Nucleus Babyworn – Good or Bad?

It has been a few months since Cochlear released the Nucleus Babyworn System that allows infants to use the Freedom BTE controller by attaching the processor to their clothing.

We are curious as to what percentage of parents are preferring this method over the traditional way which is to use the bodyworn controller until the child is able to wear the BTE comfortably on their ears.

Some parents have reported that their infants are able to pull the processor off the clips of the Babyworn. We have not noticed any change in order levels for our shirts. This would suggest that parents are still preferring the bodyworn controllers for their infants.

Please Post comments of your own personal experiences.  Many others will benefit from what you may have to say! 🙂

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Hair Cell Regeneration – Myth or Reality

human ear diagramIn this month’s issue of Volta Voices, Dr. Stephen Epstein discusses the latest on the status of the fabled “hair cell regeneration” – which is the ability to restore hearing capabilities to the damaged hair cells of the inner ear. Many parents, when deciding if they should implant their child, worry that perhaps by implanting their child they are denying them the option of having their hearing restored naturally through this process.

According to Dr. Epstein, the most promising area of research is the controversial method of using stem cells to replace the destroyed tissue. Human stem cells would be most effective for this process, as they would have the greatest potential to produce normal hearing in humans. However, according to current federal regulations, human embryo stem cell research is prohibited. Therefore, research must be carried out on mice and then many tests must be conducted to see if the results are applicable to humans.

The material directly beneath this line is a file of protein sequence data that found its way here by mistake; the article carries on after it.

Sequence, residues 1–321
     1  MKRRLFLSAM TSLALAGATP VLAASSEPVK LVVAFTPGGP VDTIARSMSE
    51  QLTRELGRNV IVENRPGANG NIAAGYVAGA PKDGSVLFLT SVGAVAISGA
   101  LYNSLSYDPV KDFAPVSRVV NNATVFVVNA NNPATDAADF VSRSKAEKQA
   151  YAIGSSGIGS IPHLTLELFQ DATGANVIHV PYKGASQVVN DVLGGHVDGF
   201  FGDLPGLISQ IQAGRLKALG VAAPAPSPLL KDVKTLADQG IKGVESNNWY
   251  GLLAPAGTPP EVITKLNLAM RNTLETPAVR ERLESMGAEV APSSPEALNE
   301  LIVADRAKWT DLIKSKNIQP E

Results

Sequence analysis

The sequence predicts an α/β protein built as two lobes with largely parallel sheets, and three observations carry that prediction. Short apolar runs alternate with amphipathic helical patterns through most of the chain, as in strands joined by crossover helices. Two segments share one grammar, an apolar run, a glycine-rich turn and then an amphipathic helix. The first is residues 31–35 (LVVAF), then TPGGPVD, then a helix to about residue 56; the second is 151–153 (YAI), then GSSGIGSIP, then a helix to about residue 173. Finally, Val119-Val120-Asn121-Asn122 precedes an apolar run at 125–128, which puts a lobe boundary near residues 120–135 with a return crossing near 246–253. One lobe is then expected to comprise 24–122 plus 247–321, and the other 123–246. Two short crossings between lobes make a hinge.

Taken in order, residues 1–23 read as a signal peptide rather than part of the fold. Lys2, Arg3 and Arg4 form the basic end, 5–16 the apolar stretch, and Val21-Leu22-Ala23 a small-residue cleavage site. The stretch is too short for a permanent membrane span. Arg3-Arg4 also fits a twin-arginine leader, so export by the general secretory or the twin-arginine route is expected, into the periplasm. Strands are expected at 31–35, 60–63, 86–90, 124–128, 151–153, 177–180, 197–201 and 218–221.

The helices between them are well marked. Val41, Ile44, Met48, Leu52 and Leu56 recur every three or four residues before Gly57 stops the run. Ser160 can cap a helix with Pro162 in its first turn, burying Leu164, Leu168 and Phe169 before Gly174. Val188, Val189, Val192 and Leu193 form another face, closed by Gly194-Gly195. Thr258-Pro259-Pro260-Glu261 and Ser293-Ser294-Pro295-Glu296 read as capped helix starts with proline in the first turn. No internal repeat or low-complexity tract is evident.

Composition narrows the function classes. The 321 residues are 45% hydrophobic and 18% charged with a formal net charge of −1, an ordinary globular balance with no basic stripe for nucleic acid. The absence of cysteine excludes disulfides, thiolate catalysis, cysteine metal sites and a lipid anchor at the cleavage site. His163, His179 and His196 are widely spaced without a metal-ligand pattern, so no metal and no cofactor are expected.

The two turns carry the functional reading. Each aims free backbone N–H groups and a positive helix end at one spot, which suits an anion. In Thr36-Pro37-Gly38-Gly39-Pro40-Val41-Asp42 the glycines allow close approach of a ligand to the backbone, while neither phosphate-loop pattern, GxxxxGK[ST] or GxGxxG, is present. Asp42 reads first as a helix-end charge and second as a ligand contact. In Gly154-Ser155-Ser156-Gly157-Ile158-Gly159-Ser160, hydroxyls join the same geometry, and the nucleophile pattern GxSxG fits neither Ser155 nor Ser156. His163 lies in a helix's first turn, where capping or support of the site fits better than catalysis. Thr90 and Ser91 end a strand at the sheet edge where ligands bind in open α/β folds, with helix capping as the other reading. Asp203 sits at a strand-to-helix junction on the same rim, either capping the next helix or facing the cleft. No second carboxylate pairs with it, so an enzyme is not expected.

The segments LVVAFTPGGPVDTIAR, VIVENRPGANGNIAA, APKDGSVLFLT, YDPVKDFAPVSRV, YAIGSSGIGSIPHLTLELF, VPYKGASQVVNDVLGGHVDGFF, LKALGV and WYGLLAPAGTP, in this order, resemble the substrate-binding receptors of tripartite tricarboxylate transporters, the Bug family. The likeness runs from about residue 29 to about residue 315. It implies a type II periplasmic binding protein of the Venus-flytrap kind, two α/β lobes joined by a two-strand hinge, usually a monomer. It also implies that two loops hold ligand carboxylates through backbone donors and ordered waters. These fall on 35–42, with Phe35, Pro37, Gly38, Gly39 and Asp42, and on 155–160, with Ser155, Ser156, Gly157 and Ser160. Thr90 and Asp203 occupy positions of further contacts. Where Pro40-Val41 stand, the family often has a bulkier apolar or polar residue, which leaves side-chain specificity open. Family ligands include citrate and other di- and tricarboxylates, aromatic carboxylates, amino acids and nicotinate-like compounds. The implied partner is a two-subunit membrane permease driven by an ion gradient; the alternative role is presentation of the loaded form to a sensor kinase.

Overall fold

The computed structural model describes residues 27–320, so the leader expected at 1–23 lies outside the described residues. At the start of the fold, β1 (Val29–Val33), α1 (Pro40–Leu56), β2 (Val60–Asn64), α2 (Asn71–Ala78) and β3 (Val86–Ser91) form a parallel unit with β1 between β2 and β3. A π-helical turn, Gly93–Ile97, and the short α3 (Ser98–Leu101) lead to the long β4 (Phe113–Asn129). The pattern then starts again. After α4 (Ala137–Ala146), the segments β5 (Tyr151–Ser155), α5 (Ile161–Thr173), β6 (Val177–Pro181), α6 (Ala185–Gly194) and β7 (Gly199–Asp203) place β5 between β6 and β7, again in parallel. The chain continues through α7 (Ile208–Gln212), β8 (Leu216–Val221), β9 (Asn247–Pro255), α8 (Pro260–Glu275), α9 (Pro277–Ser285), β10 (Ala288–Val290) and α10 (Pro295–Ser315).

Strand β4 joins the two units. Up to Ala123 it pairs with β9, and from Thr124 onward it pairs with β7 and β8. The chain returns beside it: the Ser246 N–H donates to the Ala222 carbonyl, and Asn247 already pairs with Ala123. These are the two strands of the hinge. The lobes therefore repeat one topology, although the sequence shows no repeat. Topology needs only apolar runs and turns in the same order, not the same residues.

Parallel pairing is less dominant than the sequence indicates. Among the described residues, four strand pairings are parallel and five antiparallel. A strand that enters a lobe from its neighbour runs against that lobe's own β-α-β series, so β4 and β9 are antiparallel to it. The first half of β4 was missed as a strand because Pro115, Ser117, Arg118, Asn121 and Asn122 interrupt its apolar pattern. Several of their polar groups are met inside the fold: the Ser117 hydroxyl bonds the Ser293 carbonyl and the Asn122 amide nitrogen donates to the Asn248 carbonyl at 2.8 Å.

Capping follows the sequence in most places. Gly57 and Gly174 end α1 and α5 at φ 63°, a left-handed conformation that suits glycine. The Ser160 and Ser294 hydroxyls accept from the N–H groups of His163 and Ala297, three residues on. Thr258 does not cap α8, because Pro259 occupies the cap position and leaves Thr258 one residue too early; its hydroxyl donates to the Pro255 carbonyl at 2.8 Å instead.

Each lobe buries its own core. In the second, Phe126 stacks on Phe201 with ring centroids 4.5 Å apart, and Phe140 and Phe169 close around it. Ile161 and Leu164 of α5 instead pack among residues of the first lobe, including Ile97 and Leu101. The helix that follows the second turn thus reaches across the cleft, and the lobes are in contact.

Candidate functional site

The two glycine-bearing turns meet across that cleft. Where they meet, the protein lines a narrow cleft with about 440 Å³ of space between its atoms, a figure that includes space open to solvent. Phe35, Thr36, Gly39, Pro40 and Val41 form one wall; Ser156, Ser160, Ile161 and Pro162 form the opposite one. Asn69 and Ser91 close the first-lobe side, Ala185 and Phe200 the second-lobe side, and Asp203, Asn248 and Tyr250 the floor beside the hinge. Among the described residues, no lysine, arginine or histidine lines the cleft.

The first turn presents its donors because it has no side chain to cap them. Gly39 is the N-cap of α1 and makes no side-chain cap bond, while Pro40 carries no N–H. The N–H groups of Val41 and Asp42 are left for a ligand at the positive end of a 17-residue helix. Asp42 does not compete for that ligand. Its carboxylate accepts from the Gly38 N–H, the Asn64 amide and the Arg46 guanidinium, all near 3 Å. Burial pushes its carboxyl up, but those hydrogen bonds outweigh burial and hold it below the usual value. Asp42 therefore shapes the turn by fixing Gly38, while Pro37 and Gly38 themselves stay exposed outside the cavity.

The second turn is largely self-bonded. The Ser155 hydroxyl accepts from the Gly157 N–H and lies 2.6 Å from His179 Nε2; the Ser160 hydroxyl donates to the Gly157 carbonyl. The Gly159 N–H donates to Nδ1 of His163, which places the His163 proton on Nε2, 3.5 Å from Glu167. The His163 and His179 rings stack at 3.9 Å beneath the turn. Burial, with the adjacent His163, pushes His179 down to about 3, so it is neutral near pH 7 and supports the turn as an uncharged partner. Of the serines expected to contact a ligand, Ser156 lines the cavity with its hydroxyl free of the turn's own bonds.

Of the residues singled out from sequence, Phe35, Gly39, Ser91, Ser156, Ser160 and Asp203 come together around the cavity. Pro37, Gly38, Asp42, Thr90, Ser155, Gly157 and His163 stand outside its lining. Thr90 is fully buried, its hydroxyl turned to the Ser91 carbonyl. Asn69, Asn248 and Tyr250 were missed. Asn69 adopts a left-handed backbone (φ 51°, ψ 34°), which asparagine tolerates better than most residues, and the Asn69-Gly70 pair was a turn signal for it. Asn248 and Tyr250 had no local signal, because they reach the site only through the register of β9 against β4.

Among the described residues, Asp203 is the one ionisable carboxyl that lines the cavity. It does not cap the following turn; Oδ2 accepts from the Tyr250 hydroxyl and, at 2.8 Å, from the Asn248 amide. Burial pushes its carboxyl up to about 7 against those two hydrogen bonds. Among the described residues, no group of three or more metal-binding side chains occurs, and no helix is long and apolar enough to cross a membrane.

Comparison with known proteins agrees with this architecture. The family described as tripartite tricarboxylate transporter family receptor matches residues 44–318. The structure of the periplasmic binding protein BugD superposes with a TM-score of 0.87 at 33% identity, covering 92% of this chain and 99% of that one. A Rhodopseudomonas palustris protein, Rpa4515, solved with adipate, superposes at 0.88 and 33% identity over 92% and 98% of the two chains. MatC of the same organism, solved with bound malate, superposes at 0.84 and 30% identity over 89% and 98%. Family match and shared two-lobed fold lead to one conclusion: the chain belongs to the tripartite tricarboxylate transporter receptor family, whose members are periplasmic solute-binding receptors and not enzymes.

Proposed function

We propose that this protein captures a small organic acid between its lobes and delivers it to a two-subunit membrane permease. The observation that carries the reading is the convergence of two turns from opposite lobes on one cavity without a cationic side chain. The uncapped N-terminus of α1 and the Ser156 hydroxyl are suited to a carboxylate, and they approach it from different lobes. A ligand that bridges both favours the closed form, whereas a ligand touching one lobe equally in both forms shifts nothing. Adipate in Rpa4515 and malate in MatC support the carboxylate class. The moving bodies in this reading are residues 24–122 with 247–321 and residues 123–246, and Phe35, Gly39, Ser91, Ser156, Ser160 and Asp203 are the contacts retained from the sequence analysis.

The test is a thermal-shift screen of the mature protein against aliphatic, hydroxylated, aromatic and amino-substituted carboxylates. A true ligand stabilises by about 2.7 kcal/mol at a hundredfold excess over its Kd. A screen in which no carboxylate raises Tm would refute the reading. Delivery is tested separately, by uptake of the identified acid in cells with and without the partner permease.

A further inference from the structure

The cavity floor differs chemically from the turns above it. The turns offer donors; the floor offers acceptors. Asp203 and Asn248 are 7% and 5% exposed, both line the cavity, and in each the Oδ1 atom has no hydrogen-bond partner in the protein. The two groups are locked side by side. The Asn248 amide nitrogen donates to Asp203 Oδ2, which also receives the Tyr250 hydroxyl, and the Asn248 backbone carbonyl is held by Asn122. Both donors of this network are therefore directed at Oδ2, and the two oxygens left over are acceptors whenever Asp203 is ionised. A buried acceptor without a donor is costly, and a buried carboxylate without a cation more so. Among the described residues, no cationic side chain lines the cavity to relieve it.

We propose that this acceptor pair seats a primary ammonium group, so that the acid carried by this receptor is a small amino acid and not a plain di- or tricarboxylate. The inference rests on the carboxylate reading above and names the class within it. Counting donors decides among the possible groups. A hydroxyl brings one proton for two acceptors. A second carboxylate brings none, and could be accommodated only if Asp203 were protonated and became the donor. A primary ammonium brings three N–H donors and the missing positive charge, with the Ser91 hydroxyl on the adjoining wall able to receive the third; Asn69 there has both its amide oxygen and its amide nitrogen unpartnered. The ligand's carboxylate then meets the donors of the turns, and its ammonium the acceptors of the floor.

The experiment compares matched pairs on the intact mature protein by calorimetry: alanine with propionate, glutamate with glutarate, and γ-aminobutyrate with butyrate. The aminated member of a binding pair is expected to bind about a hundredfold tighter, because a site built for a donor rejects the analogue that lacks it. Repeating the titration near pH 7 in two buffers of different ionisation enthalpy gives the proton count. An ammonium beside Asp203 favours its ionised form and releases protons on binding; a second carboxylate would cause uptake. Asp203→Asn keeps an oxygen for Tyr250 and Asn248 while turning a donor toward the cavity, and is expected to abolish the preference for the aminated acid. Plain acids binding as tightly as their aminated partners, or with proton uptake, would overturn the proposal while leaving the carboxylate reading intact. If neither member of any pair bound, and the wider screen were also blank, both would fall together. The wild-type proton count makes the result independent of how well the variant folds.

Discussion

Many experts believe that even should a breakthrough be made in this field, it would take the Food and Drug Administration close to 10 years to approve the method for use in children. To wait that long and leave a child without the ability to hear would destroy the child’s ability to develop normal auditory and language skills. Therefore – the wisest choice would be to not be concerned with what future technology may bring, and jump and what is available today for your child.

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Child’s Voice of Wood Dale, Ill. in the Chicago Tribune

Our good friends at Child’s Voice School for Hearing Impaired children outside Chicago were reported on in the Chicago Tribune. In the article, Michele Wilkins, the school’s director, described how she started the school back with only a few children, and how the school has grown over the years.

Interestingly, Michele tells how the enrollment has declined over the recent past due to the increase of mainstreaming children with deafness into ordinary schools, which can be directly tied to the amazing results achieved by the use of cochlear implants.

I just edited the Wikipedia article about cochlear implants, which stated that the results of cochlear implants in children “have been mixed”. All you parents know that the cochlear implant produces amazing results, and certainly the child is better off with them than without.

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Does the Freedom Bodyworn Give Better Sound than the BTE?

nucleus freedom BDW

VS.

nucleus freedom BTE

In meeting with my daughter’s school audiologist yesterday, he mentioned that he was under the impression that the sound produced by the Nucleus Freedom Bodyworn processor is superior to that of the BTE model.

We wonder if this is indeed true. According to what we’ve heard, and as was described in great length at the most recent Cochlear Celebration, both kinds of Freedom processors are the same – as they are completely modular. The only difference between them is the battery power.

We wonder what Cochlear would say to the audiologist’s impressions. Probably they would vehemently disagree. Similarly, at the Celebration they denied any meaningful difference between using rechargeable or alkaline batteries, while some users swear that there is a noticeable loss of quality while using rechargeables.